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Brown v. U.S. Dep't of Justice


August 4, 2006


The opinion of the court was delivered by: Richard W. Roberts United States District Judge


Plaintiff Darryl Brown, an inmate proceeding pro se, filed this case under the Freedom of Information Act ("FOIA"), 5 U.S.C. § 552, seeking from the Department of Justice copies of certain law enforcement interview summaries, a copy of a proffer agreement he signed in connection with his attempt to cooperate with prosecutors, and letters that an informant wrote about him to the prosecutor. The agency had withheld some of the information sought as being private or as being data gathered for law enforcement purposes.

On December 2, 2005, defendant filed a motion for summary judgment. The court advised plaintiff that if he did not respond by February 3, 2006, the court would treat the matter as conceded and dismiss the case. See Neal v. Kelly, 963 F.2d 453, 456 (D.C. Cir. 1992); Fox v. Strickland, 837 F.2d 507, 509 (D.C. Cir. 1988). Plaintiff did not file an opposition to the defendant's motion by that date.

Prior to the filing of defendant's summary judgment motion, plaintiff submitted to this court for filing a document he called a "Debtor's Security Agreement." A notice plaintiff filed suggested that he was trying to call himself a secured creditor with rights to the FOIA documents under the Uniform Commercial Code. The court denied leave to file the document, and plaintiff filed a notice of appeal regarding that denial. Finding that his interlocutory appeal was baseless and therefore frivolous and in bad faith, the court denied plaintiff leave to proceed in forma pauperis on his appeal. See 28 U.S.C. § 1915(a)(3) ("An appeal may not be taken in forma pauperis if the trial court certifies in writing that it is not taken in good faith."). That appeal has been dismissed for lack of prosecution.

On June 22, 2006, the court again directed that plaintiff file a response to defendant's summary judgment motion by July 6, 2006 or the matter would be deemed conceded. A document from the plaintiff titled "Secured Party's Opposition Motion to the Defendant's Motion for Summary Judgment" was received by mail in the court's chambers on July 6, 2006. The document has apparently not been filed with the Clerk's Office because it does not appear on the docket. Plaintiff's opposition does not address the defendant's arguments on the adequacy of the search or the applicability of the FOIA exemptions as a basis for withholding records from the plaintiff. Instead, plaintiff requests that the court find that there is "sufficient evidence that the Secured Party ha[s] a security interest" in the letters sent by an informant to the prosecutor in plaintiff's case. Secured Party's Opp., p. 2. Plaintiff asserts that this is the only information he is requesting. Id.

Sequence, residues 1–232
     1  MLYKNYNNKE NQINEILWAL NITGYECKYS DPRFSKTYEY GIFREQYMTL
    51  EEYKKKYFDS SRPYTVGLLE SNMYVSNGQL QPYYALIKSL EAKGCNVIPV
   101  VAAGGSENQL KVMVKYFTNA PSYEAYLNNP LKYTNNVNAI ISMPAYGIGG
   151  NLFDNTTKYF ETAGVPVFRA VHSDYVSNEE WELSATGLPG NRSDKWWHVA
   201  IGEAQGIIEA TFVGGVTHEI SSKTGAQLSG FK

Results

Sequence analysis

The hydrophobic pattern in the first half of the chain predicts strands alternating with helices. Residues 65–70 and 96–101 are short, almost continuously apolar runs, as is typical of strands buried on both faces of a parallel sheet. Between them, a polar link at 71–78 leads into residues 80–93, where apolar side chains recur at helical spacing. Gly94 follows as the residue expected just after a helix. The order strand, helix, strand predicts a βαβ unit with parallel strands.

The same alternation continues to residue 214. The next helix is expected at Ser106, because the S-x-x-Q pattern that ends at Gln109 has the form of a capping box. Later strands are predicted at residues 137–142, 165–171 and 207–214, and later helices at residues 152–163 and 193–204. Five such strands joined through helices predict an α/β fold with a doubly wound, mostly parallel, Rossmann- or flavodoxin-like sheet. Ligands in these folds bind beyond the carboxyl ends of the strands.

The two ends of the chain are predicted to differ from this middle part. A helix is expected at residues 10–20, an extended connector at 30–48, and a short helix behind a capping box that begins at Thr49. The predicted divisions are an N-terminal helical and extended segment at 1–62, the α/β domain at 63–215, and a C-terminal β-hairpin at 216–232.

Despite being given over five months to do so, plaintiff has not complied with the court's orders by filing a proper response to defendant's motion. When a plaintiff, including one proceeding pro se files a response to a dispositive motion but fails to address arguments made in the motion, the court may treat those arguments as conceded. Fletcher v. District of Columbia, 2005 WL 670676, at *6 n. 9 (D.D.C. March 22, 2005)(quoting Fox v. American Airlines, Inc., 2003 WL 21854800, at *2 (D.D.C. Aug. 5, 2003). In addition defendant's motion for summary judgment demonstrates that the government has adequately searched for documents responsive to plaintiff's FOIA request. The defendant submitted an affidavit from an employee who searched the records. (See Def's. Mot. for Summ. J., Boseker Decl.).

The government's affidavit shows that "[it] 'has conducted a search reasonably calculated to uncover all relevant documents.'" Steinberg v. United States Dep't of Justice, 23 F.3d 548, 552 (D.C. Cir. 1994) (quoting Weisberg v. United States Dep't of Justice, 745 F.2d 1476, 1485 (D.C. Cir. 1984)). In the absence of contrary evidence, such an affidavit is sufficient to demonstrate an agency's compliance with FOIA. Perry v. Block, 684 F.2d 121, 127 (D.C. Cir. 1982). The agency has shown that it made a "good faith effort to conduct a search for the requested records, using methods which can be reasonably expected to produce the information requested." Oglesby v. Dep't of the Army, 920 F.2d 57, 68 (D.C. Cir. 1990).

The undisputed facts also demonstrate that defendant properly withheld certain records pursuant to FOIA exemptions. (See Boseker Decl.; Hardy Decl.). In a FOIA case, the court may award summary judgment solely on the basis of information provided by the agency in declarations that describe "the documents and the justifications for nondisclosure with reasonably specific detail, demonstratethat the information withheld logically falls within the claimed exemption, and are not controverted by either contrary evidence in the record [or] by evidence of agency bad faith." Military Audit Project v. Casey, 656 F.2d 724, 738 (D.C.Cir. 1981). Such declarations are accorded "a presumption of good faith, which cannot be rebutted by purely speculative claims about the existence and discoverability of other documents." SafeCard Servs. v. SEC, 926 F.2d 1197, 1200(D.C. Cir. 1991)(internal citation and quotation omitted).

Because plaintiff has failed to oppose the arguments made in defendant's motion and because, in any case, defendant has complied with its responsibilities under FOIA, defendant's motion for summary judgment will be granted.*fn1 An appropriate order accompanies this Memorandum Opinion.

SIGNED this 4th day of August, 2006.

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